Wednesday, May 11, 2022

SearchResearch Challenge (5/11/22): Why... in New Orleans?

 This past week I was in New Orleans... 

... that fabled city along a bend of the Mississippi, home to classic jazz, crawfish etouffee, po boy sandwiches, and a confluence of many cultures from around the world.  

It's a colorful place with a long and complicated history, and for this traveler, a nearly endless source of great SRS questions.  Here are two that popped up for me this past week.  Can you help me figure them out?  

1. One of the great symbols of New Orleans are the steamboats that used to ply the river. They're wedding cakes on the water, full of color, decoration, and outsized components.  They don't use propellers, they use giant paddlewheels driven by large steam engines.  One of the most noticeable parts of a traditional steamboat are the smokestacks.  In this image of the Natchez  riverboat "City of New Orleans," you can see that the top of the smokestack ends in an incredibly elaborate patterning at the very top.  Since you see this kind of thing on nearly all steamboat smokestacks, that made me wonder--is that patterning at the top purely decorative, or does it have some kind of function?  What can you find out? 

2. While New Orleans is a generally colorful place, three colors seem to dominate: purple, gold, and green.  Is this color scheme really a thing?  Or am I making a vast overgeneralization?  

3.  There also seems to be an awful lot of fleur de lis in the decoration of New Orleans, you see them absolutely everywhere (including between the smokestacks above!):  Why?  

As always, be sure to tell us what you found out.. and HOW you found out!  (Tell us your process and citations.  We want to learn from you.)   

Search on!  


  1. Question #3 - The fleur-de-lis in New Orleans

    I've heard of the fleur-de-lis (and remember seeing it a lot when I was in the Boy Scouts), plus even the Saints (New Orleans' NFL team) uses it as its logo (source: And, I seem to remember that it has something to do with history. But, I don't know the details, so I'll look them up.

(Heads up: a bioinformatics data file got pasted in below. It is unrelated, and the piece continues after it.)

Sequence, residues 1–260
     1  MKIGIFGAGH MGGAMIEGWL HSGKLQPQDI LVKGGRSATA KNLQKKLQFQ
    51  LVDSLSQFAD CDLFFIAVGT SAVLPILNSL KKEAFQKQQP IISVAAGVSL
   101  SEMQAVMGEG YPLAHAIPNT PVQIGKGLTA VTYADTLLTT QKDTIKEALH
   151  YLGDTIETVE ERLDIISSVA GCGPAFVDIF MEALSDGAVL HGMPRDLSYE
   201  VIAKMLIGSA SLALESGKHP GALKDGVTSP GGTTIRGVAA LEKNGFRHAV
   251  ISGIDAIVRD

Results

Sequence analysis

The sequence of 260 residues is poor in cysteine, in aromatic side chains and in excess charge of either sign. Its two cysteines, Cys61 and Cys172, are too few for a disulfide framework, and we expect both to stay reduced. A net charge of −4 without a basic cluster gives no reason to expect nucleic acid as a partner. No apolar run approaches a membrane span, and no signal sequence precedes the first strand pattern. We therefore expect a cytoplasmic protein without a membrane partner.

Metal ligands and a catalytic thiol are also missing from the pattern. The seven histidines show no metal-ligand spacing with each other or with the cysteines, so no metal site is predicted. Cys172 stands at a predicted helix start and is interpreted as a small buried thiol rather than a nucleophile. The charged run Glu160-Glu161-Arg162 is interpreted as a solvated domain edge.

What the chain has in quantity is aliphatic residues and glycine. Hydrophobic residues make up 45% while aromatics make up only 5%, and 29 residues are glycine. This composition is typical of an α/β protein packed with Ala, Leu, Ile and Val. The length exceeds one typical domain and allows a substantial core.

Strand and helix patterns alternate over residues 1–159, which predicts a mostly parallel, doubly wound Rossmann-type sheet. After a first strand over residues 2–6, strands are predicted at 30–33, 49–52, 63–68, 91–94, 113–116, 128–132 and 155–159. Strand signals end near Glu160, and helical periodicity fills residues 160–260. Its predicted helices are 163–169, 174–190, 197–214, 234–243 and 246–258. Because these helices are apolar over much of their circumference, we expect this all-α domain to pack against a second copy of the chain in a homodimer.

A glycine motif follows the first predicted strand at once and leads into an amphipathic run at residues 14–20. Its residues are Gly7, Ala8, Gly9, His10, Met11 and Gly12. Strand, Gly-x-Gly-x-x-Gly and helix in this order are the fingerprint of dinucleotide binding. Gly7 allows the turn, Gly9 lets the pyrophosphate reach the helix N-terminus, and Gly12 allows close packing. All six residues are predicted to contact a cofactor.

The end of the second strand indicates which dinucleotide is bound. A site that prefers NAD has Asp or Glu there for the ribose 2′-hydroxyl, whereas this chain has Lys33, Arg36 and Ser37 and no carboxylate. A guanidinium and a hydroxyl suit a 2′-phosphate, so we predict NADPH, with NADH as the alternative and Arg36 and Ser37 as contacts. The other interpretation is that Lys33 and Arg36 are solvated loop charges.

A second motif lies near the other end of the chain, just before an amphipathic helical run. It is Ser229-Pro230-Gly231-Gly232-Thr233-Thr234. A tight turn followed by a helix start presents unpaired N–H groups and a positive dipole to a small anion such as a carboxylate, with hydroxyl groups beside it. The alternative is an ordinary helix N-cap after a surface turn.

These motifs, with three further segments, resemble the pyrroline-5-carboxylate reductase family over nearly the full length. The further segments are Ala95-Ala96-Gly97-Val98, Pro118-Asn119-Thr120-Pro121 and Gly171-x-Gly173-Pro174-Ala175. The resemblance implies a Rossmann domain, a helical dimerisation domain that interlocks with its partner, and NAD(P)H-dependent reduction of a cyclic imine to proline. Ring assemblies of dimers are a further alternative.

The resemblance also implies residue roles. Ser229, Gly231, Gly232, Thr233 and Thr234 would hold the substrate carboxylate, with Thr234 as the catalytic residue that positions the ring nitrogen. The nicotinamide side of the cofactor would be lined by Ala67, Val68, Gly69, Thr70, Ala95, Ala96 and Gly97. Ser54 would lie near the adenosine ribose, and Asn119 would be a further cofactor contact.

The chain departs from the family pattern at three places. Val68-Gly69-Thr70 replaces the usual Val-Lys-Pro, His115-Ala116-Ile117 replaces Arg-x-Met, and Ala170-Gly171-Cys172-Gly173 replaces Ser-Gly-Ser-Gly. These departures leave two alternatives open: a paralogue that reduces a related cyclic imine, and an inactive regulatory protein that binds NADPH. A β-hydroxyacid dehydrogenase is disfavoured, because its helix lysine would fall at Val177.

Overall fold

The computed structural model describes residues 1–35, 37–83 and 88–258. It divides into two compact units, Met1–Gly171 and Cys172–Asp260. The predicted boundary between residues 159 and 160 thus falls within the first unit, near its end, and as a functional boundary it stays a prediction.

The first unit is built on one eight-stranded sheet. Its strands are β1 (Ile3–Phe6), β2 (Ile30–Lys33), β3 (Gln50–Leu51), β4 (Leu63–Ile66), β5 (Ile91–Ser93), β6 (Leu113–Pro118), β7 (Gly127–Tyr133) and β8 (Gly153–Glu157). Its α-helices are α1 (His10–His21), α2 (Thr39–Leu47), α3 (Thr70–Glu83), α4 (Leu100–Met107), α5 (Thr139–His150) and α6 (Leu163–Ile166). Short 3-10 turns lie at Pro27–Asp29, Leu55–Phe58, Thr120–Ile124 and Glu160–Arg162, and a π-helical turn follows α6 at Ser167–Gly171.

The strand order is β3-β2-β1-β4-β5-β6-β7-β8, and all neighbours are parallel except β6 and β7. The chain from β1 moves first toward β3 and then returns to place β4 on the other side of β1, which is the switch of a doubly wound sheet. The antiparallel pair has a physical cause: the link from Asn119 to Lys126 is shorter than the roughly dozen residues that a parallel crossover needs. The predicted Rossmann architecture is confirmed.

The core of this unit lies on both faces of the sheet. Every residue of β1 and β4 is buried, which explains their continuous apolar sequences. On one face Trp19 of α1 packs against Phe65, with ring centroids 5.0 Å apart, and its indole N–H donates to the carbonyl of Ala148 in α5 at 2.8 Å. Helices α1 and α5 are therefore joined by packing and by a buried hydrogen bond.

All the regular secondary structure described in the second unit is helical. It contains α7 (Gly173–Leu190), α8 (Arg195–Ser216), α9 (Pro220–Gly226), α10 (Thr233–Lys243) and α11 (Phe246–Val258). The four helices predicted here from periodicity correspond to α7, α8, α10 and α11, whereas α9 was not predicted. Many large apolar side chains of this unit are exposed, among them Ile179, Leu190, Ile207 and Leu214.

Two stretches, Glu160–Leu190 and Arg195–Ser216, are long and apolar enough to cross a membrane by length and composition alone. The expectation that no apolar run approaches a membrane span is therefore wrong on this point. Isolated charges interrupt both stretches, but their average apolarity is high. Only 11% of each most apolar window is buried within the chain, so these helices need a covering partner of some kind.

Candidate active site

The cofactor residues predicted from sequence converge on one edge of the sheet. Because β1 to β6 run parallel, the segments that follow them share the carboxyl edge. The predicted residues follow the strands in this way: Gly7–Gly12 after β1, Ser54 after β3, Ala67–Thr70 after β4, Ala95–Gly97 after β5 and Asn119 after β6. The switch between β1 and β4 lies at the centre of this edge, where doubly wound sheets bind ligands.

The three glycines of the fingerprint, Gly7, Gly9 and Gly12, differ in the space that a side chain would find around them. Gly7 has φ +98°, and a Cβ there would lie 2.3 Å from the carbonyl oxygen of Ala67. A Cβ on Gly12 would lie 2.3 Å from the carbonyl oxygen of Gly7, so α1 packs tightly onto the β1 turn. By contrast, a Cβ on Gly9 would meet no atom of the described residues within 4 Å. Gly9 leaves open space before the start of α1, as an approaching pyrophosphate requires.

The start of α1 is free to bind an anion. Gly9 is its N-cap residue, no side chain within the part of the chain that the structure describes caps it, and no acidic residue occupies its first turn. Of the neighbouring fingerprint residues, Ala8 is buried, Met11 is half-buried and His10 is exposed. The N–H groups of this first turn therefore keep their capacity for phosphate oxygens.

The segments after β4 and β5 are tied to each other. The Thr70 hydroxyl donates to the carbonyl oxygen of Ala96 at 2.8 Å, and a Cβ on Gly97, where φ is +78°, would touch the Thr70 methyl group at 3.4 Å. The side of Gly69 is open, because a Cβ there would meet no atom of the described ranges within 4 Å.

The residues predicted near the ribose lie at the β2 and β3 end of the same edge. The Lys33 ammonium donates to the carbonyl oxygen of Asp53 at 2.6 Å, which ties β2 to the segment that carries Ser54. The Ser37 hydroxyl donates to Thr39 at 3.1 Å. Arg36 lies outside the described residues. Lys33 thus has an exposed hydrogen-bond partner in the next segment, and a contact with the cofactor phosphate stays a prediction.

First query: fleur de lis.

    Source: - The symbol was associated with the French monarchy; according to legend, it dates back to the reign of Frankish King Clovis (466-511 CE). As well, the pope gave Charlemagne a banner that was covered with fleur-de-lis. And, the fact that there are three points signifies the Christian Holy Trinity.

    Source: - It was associated with European monarchs, but especially with the French monarchy. And, it represents saints, particularly the Virgin Mary and St. Joseph. That said, its use in what is now France appears to predate Christianity, as Roman coins from Gaul had a design that looked like it. As well, it's also been used in other countries, but it's most closely associated with France (particularly its monarchy).

    It is used some in America, in areas that were once ruled by France (including New Orleans). And, it's been used a lot in New Orleans since Hurricane Katrina hit, in 2005.

    Second search query: fleur de lis new orleans

    Lots of results, but I want at least one that seems trustworthy.

    Source ( - it's the site for The Times-Picayune | The New Orleans Advocate): : It had long been a symbol of New Orleans (and its French heritage), but really took off in the wake of the devastation caused by Hurricane Katrina, as it represented strength and determination, rebuilding the city, and defiance against the storm. And, in 2017, they represented what the city was able to endure and to recover from, and represented rebirth.

    Conclusion: It's a symbol of New Orleans, and represents the city's French heritage. However, it became more popular after Hurricane Katrina (2005), and represented its residents' determination to rebuild the city in the wake of that storm. And, it is a symbol of that city's rebirth.

  2. Question 2 (the colors purple, gold, and green in New Orleans)

    Search query #1: new orleans purple gold green

    Source: (site that focuses on Mardi Gras in New Orleans) - They're the colors for New Orleans' Mardi Gras celebration, with each being said (in 1892) to represent three different virtues (gold = power, green = faith, purple = justice). And, the story is that they were selected in 1872 to honor a Russian grand duke who was visiting. But, it's a story that doesn't quite fit the facts.